A decade ago, organizations were sold on best-of-breed technology stacks. In the world of human capital management, that meant a separate system for each of the myriad processes that make up a worker's life span with a company. The approach seemed to make sense because a single system cannot be the best at everything, can it? Is it realistic for a single provider to create the most advanced applicant tracking, onboarding, learning, payroll, compensation, performance management, succession planning, benefits management and off-boarding system – all in one platform. And so, individual process owners purchased the software that would perform its single task better than every other system, and the Monster Stack was born.
The piecemeal approach was not necessarily wrong, in spite of the challenges of integration, broken code and corrupt files in SFTP servers upending data uploads. When the purpose of the software was to optimize and automate processes, these individual and separate systems performed well. That said, technology has rapidly evolved. Where artificial intelligence was once a feature or function, it is now core technology. Cloud computing has overtaken on-premises deployments. API's have made data transfer easier and more complete. Equally important has been the evolution of worker and employer expectations of each other. Process optimization and automation are still critical, but they support a greater focus on experience and engagement. Interestingly, our research shows that leaders have mixed confidence in their human resources teams' ability to curate the best worker experience, but an employee's experience is an organizational responsibility, not just that of HR. It is an amalgamation of the culture, the role, total rewards, the opportunity to do meaningful work and how an organization creates and supports those opportunities. As technology permeates all aspects of work life, it stands to reason that when the siloes of data from independent systems are broken down and the information can be analyzed and acted upon as a single, continuous journey as opposed to independent and segregated components, the quality of experiences will naturally improve. The rise of the HCM platform built on a single architecture with readily accessible data has been precipitated by this need to create unified experiences over the entire worker life cycle.
This is not to say that point solutions have no place in a tech stack. To the contrary, advances in API's have made integrations much easier and more complete than in years past, and advanced analytics platforms allow data from disparate systems to be joined and evaluated in one place. Further, it is still difficult for any single system to be all things to all people. Organizations requiring specific functionality to support operating complexities may need to turn to point solutions to meet business objectives. The key to a successful HCM tech stack strategy is to ensure all systems are accessible and integrated into daily work life to the point that using the technology is the easiest, most natural thing to do, rather than seeking workarounds. If the software is doing its job, it will present itself wherever the worker needs to access it, rather than being a separate destination.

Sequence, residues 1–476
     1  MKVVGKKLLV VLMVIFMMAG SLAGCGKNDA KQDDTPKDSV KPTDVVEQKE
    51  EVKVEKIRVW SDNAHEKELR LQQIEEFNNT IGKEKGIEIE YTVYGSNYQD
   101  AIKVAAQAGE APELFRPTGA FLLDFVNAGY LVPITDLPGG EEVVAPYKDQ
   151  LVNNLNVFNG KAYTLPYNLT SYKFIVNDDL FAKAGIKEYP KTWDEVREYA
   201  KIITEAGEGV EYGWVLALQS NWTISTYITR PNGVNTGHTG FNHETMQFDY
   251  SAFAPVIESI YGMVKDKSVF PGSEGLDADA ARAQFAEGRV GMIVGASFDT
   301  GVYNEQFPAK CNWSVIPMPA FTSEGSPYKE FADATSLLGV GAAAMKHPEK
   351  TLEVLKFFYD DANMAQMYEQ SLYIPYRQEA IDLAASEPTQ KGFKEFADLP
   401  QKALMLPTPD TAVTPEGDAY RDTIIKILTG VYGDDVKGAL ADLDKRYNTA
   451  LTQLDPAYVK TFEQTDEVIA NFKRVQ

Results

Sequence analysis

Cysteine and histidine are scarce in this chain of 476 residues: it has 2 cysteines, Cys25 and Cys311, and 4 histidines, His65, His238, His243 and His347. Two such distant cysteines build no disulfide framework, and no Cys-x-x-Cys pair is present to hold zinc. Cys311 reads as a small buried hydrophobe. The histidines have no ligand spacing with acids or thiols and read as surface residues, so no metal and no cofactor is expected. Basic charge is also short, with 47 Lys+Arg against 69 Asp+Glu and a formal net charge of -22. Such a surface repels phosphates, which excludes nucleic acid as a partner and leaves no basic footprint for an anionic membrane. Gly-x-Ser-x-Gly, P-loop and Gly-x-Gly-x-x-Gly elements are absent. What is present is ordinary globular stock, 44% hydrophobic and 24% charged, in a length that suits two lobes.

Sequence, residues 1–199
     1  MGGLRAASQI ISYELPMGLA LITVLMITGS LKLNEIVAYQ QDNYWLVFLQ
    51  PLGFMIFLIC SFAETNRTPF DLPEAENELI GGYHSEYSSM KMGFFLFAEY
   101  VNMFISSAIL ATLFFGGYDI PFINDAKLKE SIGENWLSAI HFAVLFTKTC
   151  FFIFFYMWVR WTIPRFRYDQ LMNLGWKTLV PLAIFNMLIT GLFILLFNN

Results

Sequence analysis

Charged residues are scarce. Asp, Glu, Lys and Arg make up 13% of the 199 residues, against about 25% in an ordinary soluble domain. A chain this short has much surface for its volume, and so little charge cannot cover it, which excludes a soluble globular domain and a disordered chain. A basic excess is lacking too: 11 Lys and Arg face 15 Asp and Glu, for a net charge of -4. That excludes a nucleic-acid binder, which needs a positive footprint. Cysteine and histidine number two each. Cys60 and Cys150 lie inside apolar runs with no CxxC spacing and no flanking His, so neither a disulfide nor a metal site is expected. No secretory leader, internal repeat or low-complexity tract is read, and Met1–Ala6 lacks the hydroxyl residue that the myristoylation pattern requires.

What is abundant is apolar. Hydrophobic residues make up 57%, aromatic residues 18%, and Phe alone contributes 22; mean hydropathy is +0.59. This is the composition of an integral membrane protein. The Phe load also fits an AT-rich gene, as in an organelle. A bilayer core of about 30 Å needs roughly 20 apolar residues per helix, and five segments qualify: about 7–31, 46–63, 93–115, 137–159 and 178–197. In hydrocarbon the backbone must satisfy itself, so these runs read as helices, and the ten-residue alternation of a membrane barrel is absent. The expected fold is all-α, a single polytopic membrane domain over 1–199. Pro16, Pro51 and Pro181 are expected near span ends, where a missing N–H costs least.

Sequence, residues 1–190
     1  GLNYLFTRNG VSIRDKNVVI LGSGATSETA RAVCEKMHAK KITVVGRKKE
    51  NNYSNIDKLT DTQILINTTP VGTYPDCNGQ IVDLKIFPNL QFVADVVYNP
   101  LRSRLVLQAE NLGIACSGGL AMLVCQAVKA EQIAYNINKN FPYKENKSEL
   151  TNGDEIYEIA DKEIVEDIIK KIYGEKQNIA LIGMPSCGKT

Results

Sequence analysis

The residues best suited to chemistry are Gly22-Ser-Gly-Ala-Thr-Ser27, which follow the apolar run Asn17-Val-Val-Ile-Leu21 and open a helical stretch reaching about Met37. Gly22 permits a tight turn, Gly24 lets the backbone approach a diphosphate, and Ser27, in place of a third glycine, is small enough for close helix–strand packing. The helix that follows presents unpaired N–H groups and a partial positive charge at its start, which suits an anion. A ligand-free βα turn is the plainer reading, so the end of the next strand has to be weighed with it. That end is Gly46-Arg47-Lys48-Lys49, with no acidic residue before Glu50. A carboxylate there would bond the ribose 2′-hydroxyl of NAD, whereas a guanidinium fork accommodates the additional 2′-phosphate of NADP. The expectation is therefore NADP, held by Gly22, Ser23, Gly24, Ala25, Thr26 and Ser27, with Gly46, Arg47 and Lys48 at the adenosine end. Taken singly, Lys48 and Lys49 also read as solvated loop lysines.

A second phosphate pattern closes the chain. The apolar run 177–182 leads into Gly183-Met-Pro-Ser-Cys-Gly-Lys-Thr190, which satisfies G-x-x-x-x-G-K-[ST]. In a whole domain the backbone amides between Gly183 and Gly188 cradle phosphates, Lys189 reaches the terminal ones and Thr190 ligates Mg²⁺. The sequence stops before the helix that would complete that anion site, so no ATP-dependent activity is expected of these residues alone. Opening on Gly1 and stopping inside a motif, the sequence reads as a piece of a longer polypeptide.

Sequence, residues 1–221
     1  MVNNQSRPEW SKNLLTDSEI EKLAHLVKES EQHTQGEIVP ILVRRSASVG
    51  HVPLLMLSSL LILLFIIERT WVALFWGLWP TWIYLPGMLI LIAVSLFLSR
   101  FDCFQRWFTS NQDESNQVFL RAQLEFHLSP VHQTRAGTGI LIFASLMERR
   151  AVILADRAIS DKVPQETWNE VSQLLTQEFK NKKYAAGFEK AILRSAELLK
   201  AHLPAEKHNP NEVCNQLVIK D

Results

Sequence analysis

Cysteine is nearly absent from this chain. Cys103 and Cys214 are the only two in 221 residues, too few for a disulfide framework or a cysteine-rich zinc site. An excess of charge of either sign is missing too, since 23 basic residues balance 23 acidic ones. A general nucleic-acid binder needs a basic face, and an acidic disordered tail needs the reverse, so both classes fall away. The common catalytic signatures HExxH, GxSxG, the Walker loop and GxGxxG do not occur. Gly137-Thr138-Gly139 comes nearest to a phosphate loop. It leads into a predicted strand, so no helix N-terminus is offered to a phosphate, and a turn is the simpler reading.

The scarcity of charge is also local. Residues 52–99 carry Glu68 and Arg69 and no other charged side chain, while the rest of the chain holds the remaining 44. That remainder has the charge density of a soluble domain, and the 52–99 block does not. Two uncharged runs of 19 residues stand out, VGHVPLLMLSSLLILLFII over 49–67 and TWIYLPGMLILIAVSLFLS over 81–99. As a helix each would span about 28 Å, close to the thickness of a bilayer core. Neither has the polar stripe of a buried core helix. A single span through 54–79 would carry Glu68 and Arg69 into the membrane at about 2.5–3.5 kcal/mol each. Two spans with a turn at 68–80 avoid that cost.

One way a single platform strategy has an advantage over integrated point solutions is in the consistency of the user interface. There is a reason there is a grand divide between Apple devotees and Android users. If you like the Apple user experience, it doesn't matter how many times an Android aficionado boasts of the customization capabilities of that platform that Apple simply doesn't have. The Apple user isn't going to budge. What is important to that user is the consistency of the look and feel and the seamless transfer of information and activities from device to device. Anything else is jarring. The same holds true for the single HCM platform versus the best-of-breed technology stack. It can be argued that there is considerable benefit in familiarity when a worker has a similar interface from the point of application through retirement and everything between, not the least of which is the time saved in user adoption. Still, many point solutions can overcome this through integration with the non-HCM systems that workers use every day, like MS Teams or Slack, for example. Consistent point of entry can also be a driver of user adoption, even if the UI inside each separate system differs.
There are clear benefits to both single platform and point solution strategies in the world of HCM technology. The key to choosing a successful approach is for organizations to ensure that these systems are integrated – not just with each other, but with the non-HCM systems workers, and that the underlying AI is smart enough to analyze and provide recommendations and insights based on the totality of the data, regardless of the source. Work life is a journey, and the technology that supports and enhances that journey should be part of the entire continuum, not just individual segments.